Nancy Hart_1
6/27/2009 8:13:32 AM
I would spend the $1000 to put in a solar roof fan and rain barrels. Fiber cement siding would be nice, but I think that cost a lot more than a $1000.

Richard Dean
6/26/2009 9:55:52 PM
I would put the money into a Garden by installing a small greenhouse, root cellar, composter, chipper shredder,metal roof and rain barrels. I would also plant fruit trees, shrubs,and grape vines, canning supplies and with monies left over would buy hardware to build tire fence.

Shawndra
6/26/2009 8:16:09 PM
I would invest in Rain barrels and small solar panels

Dennis_28
6/26/2009 7:58:46 PM
The $1000 would go a long way toward adding soffit vent extenders to the attic crawl space before adding additional insulation and possibly improved air venting above insulation. Re-caulk the windows and frames and beef-up the sill insulation and seal the crack between the siding, foam insulation and gap between siding and foundation walls. One door frame needs to be replaced to the outside entrance to the house. The 80 gallon hot water heater has served its life and should be replaced with a tankless water heater. Since the house was built over 30 years ago, the heat ducting should be cleaned and joints taped or mastic sealed to aid heat and air conditioning efficiency.

KC_5
6/26/2009 7:39:43 PM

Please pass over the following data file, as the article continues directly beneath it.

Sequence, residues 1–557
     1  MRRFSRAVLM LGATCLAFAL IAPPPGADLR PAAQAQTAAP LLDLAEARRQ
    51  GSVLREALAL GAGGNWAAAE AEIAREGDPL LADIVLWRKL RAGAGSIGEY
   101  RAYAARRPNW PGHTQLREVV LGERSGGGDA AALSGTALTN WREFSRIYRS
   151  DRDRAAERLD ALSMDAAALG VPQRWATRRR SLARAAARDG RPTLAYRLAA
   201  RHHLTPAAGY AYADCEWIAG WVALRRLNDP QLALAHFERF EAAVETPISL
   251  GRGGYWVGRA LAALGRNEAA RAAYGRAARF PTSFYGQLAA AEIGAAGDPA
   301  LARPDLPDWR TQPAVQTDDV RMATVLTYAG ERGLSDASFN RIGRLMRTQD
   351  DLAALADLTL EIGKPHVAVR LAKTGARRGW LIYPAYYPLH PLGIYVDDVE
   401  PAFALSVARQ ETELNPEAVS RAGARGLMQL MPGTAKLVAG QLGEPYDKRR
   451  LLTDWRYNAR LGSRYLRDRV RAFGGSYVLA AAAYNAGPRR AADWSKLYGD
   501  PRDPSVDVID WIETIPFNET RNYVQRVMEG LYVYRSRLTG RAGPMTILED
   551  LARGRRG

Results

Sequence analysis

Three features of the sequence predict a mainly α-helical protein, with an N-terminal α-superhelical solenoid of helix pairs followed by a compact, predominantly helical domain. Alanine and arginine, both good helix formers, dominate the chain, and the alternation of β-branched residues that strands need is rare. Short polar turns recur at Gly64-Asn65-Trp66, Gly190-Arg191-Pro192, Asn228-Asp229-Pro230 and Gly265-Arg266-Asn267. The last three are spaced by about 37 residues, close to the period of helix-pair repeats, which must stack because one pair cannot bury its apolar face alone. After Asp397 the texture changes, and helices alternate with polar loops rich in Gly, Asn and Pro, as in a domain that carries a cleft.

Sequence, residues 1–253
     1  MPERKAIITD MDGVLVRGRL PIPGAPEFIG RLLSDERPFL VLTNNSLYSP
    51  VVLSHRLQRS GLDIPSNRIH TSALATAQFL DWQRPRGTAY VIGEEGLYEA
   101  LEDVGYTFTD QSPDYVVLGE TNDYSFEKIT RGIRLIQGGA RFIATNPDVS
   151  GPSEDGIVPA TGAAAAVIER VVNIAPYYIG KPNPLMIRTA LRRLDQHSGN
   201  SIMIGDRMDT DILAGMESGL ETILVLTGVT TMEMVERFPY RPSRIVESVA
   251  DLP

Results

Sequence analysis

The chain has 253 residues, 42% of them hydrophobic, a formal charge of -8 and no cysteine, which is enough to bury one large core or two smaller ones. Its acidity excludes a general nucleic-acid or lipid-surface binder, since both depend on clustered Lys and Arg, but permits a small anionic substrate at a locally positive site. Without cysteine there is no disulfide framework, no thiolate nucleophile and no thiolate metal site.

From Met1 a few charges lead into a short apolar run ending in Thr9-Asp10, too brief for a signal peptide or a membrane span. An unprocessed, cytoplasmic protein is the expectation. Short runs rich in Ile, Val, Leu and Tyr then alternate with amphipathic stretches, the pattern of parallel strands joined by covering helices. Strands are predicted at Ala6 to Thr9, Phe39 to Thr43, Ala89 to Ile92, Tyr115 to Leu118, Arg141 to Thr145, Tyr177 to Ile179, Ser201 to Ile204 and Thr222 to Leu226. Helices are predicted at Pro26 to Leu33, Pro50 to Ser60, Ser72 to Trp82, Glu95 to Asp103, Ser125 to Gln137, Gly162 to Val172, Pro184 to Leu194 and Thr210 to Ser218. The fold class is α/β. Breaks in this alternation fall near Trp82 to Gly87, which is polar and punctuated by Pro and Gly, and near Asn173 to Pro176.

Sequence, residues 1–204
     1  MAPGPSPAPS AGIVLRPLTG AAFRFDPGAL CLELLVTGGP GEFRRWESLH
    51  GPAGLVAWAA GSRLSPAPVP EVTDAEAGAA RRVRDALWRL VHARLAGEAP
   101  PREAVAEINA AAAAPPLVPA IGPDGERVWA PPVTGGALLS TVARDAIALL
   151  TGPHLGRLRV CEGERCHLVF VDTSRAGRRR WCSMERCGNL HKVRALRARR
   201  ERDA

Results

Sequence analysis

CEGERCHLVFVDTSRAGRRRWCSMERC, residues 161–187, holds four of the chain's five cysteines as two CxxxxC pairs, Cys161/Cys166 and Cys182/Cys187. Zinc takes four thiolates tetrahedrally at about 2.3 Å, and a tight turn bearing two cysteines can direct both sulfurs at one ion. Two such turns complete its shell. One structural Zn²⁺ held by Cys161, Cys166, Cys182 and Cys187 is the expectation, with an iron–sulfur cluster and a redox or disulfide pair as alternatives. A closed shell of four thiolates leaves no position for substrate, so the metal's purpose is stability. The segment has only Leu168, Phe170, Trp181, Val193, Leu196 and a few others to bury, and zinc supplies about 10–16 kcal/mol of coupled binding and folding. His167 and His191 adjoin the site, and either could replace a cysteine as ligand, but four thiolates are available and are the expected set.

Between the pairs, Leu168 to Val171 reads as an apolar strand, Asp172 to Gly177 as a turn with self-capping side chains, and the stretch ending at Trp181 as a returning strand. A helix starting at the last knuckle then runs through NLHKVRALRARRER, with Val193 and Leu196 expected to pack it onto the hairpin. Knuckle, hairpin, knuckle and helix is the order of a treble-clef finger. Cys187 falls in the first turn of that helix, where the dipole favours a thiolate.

I have a bit of wind tunnel on the back side of house so I would like to harness some wind power to lower the electricity bill. Also gather rain water for the garden & a green house.

gerald Eaton_1
6/26/2009 7:14:01 PM
Being the electrician that I am, I would try to reduce my electrical usage by converting the rest of my compact flourescent lamps to high power LED lamps. I would also try to isolate my lighting circuit to later power with a solar array. That part would be free for me. I would also like to upgrade my 110 volt attic fan to a solar powered one. With any money left over, I would burn up buying soffit vents. These would increase the airflow to my new attic fan. Well, heres what I want to do, how do collect on the $1000? $1000 would just get me started!!!

Pat Morgan
6/26/2009 6:15:24 PM
We have already insulated, put in new windows and new furnace. We burn scrap wood and dead fall wood and roofed with a a good product. Our electric is great and our well is done with an economic new pump. So I would do my final dream. Buy as many panels to produce electricity or tubes to heat water as the money will buy.